I HATE school. Hate, hate, hate, hate, HATE IT. Why would I ever go back and, furthermore, PAY FOR IT?!
Okay, I’ve had thoughts of going to film school before. Thankfully those thoughts were quickly brushed away after hearing nothing but frustration from people that went.
Funny story — a person on youtube I regularly watch made a video on ADR and it was played at ASU as part of a film course without his permission. Imagine if I went to ASU to learn about film and instead got to rewatch a youtube video when I could do that at home for free?
My teacher once broke character and said college is not for everyone. I’m positive that’s the case for me.
What was the process like to find an artist with a style that meshed with what you had in your head? How long did your search take?
There’s so many artists now that you could probably find someone with a style most suited for what you have in mind in the glove compartment of your car.
It can be tricky though when it comes to scouting artists with experience in anthro design. Many tend to be hobbyists uncomfortable with making money for acceptable reasons. Others already make a living making pornographic art and have no reason to do business outside of what they love.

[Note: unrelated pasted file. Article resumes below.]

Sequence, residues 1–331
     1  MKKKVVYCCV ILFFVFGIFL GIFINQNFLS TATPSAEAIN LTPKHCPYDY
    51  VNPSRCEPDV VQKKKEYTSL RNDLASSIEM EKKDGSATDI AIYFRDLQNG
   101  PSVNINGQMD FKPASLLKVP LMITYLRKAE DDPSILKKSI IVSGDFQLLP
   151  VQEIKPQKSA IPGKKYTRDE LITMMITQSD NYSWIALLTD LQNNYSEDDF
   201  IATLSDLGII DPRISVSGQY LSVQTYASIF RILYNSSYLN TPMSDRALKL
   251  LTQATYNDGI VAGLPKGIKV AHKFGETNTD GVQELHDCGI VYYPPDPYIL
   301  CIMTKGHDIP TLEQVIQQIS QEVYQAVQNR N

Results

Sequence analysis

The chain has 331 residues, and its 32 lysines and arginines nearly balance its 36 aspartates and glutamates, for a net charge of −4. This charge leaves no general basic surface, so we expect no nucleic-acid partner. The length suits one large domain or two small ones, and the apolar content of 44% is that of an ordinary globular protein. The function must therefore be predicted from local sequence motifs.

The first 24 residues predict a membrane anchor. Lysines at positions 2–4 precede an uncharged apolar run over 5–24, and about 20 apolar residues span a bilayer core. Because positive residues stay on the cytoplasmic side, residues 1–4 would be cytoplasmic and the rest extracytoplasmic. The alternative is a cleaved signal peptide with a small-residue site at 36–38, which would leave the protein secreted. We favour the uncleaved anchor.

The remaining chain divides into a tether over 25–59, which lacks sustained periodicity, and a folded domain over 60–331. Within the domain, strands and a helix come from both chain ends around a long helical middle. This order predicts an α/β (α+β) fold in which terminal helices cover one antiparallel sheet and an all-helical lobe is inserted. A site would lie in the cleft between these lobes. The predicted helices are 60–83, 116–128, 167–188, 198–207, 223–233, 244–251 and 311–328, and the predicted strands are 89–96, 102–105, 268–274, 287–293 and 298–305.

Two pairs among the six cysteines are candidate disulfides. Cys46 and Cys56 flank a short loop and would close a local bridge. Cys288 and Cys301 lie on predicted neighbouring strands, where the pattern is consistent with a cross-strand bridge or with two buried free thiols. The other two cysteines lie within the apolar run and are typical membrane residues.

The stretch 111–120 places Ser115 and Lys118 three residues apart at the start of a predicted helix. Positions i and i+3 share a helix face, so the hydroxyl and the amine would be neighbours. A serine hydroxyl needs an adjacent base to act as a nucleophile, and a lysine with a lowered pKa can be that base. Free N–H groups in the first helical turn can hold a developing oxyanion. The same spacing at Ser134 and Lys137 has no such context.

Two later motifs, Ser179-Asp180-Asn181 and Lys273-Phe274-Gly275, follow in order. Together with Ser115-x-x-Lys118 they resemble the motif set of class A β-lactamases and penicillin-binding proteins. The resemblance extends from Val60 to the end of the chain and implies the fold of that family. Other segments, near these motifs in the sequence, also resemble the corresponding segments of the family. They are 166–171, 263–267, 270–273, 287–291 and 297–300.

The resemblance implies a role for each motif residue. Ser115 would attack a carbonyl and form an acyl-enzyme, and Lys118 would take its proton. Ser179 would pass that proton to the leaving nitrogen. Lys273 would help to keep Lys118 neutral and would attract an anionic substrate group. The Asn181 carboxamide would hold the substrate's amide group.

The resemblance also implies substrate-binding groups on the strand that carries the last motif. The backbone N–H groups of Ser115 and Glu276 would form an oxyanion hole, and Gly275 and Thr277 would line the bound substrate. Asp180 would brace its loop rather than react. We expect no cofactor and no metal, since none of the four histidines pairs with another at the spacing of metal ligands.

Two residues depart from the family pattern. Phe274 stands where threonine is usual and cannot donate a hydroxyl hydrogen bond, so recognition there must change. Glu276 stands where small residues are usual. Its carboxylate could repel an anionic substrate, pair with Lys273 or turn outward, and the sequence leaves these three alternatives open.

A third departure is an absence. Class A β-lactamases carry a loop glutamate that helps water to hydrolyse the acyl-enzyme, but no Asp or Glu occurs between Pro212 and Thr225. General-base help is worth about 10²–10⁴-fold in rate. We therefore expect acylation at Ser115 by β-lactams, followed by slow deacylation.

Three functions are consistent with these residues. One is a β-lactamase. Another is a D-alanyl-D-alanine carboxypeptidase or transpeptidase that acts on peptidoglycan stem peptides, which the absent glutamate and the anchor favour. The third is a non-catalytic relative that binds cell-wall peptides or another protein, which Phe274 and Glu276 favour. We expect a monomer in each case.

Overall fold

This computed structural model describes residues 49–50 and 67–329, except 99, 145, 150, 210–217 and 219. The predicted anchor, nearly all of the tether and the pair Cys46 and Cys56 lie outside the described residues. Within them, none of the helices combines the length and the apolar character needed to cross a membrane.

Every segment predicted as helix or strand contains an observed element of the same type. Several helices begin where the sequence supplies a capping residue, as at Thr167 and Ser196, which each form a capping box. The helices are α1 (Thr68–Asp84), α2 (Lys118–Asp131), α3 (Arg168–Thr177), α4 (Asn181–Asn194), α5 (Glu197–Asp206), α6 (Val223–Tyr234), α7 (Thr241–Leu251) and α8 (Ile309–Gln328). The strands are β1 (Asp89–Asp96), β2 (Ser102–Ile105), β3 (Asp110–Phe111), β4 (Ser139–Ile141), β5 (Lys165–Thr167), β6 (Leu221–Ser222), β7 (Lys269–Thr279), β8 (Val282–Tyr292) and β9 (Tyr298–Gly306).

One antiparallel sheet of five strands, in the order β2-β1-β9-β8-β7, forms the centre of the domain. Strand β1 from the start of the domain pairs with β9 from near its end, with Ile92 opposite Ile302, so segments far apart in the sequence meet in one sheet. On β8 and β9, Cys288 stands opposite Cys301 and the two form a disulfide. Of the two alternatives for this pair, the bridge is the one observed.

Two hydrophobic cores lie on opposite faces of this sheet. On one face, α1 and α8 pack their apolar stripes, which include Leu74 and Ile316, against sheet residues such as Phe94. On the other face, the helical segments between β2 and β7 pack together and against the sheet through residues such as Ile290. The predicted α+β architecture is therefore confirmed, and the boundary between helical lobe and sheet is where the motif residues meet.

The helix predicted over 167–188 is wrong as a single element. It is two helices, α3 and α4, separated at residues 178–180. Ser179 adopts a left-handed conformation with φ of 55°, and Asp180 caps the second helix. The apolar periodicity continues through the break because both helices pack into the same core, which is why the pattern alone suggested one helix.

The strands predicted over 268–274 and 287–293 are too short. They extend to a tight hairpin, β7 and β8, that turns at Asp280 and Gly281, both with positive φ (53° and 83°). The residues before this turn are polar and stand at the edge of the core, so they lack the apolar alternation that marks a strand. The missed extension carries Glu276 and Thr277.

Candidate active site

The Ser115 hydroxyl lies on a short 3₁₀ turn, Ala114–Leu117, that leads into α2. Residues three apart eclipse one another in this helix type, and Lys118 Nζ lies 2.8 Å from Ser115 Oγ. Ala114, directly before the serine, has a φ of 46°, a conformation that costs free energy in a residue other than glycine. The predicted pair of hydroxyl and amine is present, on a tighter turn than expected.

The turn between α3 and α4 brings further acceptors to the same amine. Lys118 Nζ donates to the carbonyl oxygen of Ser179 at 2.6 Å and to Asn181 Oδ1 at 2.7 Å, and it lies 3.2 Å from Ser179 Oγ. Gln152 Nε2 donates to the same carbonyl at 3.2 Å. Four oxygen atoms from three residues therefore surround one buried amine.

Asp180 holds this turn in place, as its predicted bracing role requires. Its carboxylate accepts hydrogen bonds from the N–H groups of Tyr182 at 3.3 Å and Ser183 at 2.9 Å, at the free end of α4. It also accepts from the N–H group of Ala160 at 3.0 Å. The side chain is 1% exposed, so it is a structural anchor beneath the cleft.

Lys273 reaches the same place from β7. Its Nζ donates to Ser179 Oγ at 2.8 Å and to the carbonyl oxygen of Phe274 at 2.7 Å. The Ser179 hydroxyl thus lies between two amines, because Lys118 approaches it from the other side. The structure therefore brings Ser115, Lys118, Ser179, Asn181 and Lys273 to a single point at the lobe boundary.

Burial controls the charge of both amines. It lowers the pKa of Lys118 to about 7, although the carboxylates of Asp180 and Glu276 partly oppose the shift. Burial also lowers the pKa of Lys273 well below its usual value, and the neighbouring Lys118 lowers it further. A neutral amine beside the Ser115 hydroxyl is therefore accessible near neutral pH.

But search hard enough and you’ll find them.
I don’t really have to search anymore because I have a list of possible artists I could work with in my head after doing so much digging. When I started storyboarding for chapter 3, I already knew the artist I had in mind for it.
What is your process like for creating comic pages? How much give and take is there when you’re working with another artist or creative team? Do you brainstorm ideas together or do they just work straight off of your script?
I pencil and ink every single comic page on regular sheets of paper. Then I send them over to the artist and basically tell them “copy everything but make it look better.”
Sometimes I’ll take advantage of the fact I’m working with a professional and ask what’s there for improvement but that only happens on rare occasions.